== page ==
Mahi Tahitian Style is perfectly cooked in the French Polynesian Style with with a buttery Dijon wine sauce.
About Mahi Tahitian Style
I had wanted to go to Tahiti as far back as I can remember, and finally a few years ago I had the chance to see it for myself.
As my husband and I lined up in Los Angeles to board the flight, there were a few tourists, but mostly Tahitians returning home laden with purchases from Costco.
The nine hour flight was without question one of the best flights we’d ever taken due to the professionalism of the wonderful captain and crew of Air Tahiti Nui.
Tahiti conjures up thoughts of white sandy beaches, back-lit turquoise blue water, tall palm trees, and grass huts.
All of it is true, and yet there’s so much more to this lovely place.
Like the incredible Tahitian food that combines the best of Polynesia with the flavors of France.
Like this easy Mahi Tahitian Style, which is absolutely delicious with its Dijon mustard, lemon, butter and wine sauce.
As we flew across the dark Pacific, I thought it interesting that the Tahitians were bringing back so many supplies that they needed that they didn’t have in Tahiti and yet I was was in search of bringing back something that you could only find in Tahiti – Tahitian Vanilla.
Yes, I know you can buy it from Amazon and occasionally find it in grocery stores, but I wanted to see it from the source.
I wanted to go to a vanilla plantation and see how it was grown.
When we landed early in the morning in Papeete, we were greeted on the tarmac by Tahitian dancers and received leis from Jean, our hotel driver.
On the way to the hotel we were surprised to see how cosmopolitan Papeete really was with its traffic jams and crowds of people.
As we headed to the hotel I asked Jean where I could visit the vanilla plantations.
He said he wasn’t aware of any on Tahiti, but perhaps I could find what I was looking for in Moorea, an island just off of Tahiti. So we found a ferry to take us there.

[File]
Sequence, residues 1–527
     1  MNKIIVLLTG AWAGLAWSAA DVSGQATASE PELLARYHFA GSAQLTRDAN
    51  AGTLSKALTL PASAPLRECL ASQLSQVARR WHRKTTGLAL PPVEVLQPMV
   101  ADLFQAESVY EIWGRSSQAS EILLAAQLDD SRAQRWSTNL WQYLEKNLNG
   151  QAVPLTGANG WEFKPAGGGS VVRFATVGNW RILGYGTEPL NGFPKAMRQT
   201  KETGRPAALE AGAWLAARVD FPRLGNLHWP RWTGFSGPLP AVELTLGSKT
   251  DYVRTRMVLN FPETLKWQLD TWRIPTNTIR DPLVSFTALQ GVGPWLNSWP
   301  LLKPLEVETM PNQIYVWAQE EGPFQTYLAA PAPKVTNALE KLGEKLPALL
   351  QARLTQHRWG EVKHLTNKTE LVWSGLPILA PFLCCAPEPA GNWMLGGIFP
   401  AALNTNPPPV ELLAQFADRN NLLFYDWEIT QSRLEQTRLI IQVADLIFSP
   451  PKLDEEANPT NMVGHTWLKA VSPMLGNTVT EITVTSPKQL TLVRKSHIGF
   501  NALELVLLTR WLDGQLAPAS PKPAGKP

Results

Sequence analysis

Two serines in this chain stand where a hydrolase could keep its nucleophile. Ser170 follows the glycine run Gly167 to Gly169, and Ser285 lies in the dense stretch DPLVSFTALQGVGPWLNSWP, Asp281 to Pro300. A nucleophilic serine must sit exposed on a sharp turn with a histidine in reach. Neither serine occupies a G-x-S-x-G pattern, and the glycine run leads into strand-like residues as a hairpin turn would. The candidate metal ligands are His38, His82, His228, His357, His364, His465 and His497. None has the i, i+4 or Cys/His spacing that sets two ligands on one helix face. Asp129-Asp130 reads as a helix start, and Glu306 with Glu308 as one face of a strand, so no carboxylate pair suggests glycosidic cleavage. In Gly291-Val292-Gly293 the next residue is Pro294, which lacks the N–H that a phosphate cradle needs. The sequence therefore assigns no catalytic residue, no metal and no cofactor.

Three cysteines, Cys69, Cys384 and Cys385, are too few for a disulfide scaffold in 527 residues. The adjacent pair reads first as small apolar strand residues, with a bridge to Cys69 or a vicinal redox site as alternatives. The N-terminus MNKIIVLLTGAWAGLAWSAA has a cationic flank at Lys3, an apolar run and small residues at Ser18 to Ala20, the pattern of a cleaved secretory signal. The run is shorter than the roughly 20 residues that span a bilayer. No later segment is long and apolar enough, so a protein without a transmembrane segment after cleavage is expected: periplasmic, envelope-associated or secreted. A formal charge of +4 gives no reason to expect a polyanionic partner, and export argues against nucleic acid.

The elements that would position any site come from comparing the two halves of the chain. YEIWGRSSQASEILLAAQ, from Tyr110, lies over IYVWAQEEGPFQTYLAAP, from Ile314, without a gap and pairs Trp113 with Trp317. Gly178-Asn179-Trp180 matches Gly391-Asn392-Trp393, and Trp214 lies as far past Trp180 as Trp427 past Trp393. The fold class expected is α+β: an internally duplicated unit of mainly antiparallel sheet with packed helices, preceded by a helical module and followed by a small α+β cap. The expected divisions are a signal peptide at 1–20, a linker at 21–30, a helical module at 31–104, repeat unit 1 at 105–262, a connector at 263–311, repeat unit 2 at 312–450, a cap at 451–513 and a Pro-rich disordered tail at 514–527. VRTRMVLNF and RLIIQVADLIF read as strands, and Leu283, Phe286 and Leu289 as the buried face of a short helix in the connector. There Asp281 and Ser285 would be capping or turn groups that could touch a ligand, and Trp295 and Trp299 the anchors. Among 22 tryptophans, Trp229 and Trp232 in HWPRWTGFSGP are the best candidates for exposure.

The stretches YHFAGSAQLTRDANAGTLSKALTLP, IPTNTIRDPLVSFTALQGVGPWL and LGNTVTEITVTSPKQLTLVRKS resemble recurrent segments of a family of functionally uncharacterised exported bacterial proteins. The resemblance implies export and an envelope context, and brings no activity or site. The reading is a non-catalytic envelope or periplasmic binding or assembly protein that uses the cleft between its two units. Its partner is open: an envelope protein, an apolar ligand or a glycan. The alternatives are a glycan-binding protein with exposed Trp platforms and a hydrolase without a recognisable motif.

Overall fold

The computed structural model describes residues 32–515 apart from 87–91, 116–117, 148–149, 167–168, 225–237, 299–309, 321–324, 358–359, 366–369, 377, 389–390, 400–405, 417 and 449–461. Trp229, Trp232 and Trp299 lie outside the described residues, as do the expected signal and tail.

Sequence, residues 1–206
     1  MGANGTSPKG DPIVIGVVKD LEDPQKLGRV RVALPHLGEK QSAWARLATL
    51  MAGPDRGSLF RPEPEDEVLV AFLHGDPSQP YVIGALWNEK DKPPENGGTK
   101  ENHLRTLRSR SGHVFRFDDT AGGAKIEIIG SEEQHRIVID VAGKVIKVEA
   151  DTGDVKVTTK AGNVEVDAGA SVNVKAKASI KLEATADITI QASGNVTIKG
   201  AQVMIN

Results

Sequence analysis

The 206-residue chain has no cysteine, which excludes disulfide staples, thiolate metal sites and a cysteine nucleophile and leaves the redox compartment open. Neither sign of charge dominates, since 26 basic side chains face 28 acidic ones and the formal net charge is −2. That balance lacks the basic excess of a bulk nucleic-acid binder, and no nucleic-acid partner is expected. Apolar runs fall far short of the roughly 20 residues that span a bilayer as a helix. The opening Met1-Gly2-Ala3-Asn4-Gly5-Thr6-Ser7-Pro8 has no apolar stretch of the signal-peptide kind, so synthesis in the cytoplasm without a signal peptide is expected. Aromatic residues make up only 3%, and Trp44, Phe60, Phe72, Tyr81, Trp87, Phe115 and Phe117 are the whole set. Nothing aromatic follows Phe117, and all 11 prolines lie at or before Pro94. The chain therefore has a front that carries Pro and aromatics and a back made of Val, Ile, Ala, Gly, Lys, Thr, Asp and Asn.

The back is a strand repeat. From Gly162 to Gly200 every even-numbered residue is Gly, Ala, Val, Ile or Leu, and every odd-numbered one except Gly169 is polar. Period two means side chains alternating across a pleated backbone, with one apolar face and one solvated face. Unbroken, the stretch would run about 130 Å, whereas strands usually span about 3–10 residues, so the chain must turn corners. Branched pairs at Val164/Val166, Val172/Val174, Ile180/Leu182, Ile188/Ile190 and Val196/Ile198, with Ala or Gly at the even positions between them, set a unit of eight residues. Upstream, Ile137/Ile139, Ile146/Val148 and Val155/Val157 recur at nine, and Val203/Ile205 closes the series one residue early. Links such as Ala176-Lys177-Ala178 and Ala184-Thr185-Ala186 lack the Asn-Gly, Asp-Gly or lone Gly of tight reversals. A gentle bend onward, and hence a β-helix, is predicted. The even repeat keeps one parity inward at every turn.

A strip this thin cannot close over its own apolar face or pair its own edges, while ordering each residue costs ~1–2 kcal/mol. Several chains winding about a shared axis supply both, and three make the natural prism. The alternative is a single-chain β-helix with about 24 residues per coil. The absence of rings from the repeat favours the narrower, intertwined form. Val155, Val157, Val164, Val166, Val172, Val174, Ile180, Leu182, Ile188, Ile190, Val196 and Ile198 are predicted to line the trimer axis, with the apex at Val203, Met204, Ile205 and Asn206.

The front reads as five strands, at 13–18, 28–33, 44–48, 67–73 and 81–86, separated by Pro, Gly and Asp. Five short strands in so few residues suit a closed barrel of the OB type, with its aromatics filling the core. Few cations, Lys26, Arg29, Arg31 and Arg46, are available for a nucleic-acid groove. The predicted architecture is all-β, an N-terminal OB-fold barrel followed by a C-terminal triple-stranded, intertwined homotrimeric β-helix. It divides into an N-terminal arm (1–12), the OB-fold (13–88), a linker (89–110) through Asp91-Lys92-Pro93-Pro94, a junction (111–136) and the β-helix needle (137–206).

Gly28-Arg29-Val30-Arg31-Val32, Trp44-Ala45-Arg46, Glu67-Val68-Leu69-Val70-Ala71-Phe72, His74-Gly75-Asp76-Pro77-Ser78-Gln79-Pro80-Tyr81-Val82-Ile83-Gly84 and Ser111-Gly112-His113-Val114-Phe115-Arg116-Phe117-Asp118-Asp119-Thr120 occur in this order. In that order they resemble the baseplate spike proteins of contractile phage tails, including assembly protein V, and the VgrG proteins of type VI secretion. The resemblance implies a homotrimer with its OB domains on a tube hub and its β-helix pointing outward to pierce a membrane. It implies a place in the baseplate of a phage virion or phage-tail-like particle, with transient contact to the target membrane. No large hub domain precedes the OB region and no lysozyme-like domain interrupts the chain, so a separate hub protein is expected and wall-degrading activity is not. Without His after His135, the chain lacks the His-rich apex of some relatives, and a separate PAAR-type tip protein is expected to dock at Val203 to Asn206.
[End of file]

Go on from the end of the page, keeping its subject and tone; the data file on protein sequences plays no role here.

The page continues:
Remember the movie, “South Pacific” and the enchanted island that the sailors looked toward as Bloody Mary sang “Bali Hai”? That is Moorea, and it is truly beautiful.
It’s what I thought the island of Tahiti would be.
And what was even more amazing was homes along the road. Painted every color imaginable, and each had perfectly manicured yards.
You would occasionally see chickens running across the roads and men wearing pareos walking toward town with their families.
We had asked the car rental lady about the vanilla planatation, and she said, with a slight French accent, “Yes, of course,” and proceeded to give us directions.
After thanking her, I asked her if there was a good place for lunch and she replied, “There are many”.
She gave us several suggestions and after telling us about one that is right on the beach, we said, “That’s the one.”
We pulled up to a little open aired shack that had had tables on the patio and were greeted by a lovely lady who said we were a little early for lunch, but we could sit at one on the tables.
She added, if we’d prefer, could be seated in one of the tables on the beach, each covered with a thatched roof which over looked the gorgeous lagoon.
Which would you choose?
She escorted us down to table in our private thatch-covered hut. The view was breathtaking. I can only describe the sea as back-lit turquoise.